57. Should We Read Books Behind the Wheel?
If you can read, and you can ride a bicycle, it doesn’t necessarily mean that you can do both at the same time.
One can give a student a mass of exercises all at once. He will get familiar with the keys, will learn to ‘walk’ along them, will develop his coordination and confidence in his movements, and will learn the ‘map’ of the keys and their octaves. The more confident the coordination of the hands becomes, the more developed the apparatus is, and the more freedom the muscles will have. This means that the keys will become a part of the student’s consciousness. But this absolutely does not mean that the student will be able to open a book of sheet music and play a piece from it freely. It isn’t enough to have good coordination to fluently sight read!
While playing simple exercises, the perception quickly grasps the note sequence and works on autopilot, freeing the student’s attention for coordination. But if the path is sharply complicated, and if it also needs to be deciphered, the limited paths of the exercises won’t help. After learning to drive our car in our neighborhoods, we always reduce our speed when traveling somewhere unfamiliar. And the more difficult the route is, the slower our going becomes – until we reach a complete stop.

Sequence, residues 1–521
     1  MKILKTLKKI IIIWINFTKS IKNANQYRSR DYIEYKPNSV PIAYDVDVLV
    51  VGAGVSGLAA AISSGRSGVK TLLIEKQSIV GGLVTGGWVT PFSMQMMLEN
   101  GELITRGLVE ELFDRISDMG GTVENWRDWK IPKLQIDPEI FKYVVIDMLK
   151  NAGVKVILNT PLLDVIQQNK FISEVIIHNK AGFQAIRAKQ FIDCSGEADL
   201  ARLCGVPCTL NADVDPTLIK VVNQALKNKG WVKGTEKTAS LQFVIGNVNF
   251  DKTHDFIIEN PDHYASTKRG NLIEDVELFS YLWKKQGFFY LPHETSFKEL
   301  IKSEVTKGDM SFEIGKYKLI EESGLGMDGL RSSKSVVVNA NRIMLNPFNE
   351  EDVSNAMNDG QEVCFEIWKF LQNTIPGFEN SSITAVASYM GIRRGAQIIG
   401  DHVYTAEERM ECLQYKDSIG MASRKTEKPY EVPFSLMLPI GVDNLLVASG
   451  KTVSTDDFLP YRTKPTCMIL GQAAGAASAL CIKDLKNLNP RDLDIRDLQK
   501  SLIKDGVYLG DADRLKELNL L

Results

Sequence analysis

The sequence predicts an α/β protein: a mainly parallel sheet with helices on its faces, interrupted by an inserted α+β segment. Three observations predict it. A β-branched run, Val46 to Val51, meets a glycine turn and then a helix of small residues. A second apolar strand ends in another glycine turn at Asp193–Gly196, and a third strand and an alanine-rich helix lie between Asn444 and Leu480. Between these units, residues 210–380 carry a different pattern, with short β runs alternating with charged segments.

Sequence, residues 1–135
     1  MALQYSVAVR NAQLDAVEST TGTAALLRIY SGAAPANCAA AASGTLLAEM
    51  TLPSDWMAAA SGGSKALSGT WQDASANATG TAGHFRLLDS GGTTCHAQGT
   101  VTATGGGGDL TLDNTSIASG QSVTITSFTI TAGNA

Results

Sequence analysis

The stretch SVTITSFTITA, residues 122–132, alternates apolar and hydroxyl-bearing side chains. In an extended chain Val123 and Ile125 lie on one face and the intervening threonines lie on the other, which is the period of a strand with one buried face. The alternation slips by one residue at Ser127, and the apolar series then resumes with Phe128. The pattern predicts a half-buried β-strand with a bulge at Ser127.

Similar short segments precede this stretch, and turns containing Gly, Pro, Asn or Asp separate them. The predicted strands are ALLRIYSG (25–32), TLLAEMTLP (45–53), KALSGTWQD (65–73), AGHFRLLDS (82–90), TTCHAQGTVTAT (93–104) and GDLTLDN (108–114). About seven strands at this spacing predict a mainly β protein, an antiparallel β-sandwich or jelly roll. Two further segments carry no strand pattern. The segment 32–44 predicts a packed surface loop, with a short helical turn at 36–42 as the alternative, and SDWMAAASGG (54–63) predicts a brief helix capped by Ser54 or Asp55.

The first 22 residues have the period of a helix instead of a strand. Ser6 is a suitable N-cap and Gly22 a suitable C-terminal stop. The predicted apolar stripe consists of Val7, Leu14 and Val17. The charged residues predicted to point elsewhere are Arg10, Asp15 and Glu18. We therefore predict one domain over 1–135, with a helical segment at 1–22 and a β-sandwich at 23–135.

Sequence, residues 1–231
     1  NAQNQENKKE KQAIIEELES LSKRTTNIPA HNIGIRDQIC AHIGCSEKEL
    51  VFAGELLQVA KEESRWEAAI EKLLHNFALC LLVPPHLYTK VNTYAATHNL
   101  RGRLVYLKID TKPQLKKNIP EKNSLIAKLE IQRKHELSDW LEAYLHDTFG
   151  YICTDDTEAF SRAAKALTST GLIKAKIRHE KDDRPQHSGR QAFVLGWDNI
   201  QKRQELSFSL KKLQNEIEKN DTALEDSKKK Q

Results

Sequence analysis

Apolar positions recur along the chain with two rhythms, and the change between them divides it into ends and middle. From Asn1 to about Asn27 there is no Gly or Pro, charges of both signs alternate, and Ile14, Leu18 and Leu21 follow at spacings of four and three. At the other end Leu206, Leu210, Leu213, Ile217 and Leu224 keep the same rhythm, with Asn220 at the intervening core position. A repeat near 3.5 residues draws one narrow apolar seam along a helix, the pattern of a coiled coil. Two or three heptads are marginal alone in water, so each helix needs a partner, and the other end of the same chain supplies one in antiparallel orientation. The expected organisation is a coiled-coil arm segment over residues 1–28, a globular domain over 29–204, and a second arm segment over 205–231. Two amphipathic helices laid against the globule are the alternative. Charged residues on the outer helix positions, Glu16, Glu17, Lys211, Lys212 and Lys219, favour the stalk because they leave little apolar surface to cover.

Why do traditional teachers love to repeat the mantra, “practice, practice, practice?” Because after the selection of a new piece, the student progresses at an extremely awkward and slow pace. Sometimes, in order to play it from the beginning to end, an entire lesson is needed! The teacher can’t even allow himself to im that the student, as he should, could simply open the music book and play a piece from it at once, with minor difficulties. Another popular saying comes from this: “work bar-by-bar on a selection of songs.” This means that the student sits down, and slowly, note by note, ‘picks out’ the music.
Imagine how this baffling process plays out between the student’s different skills: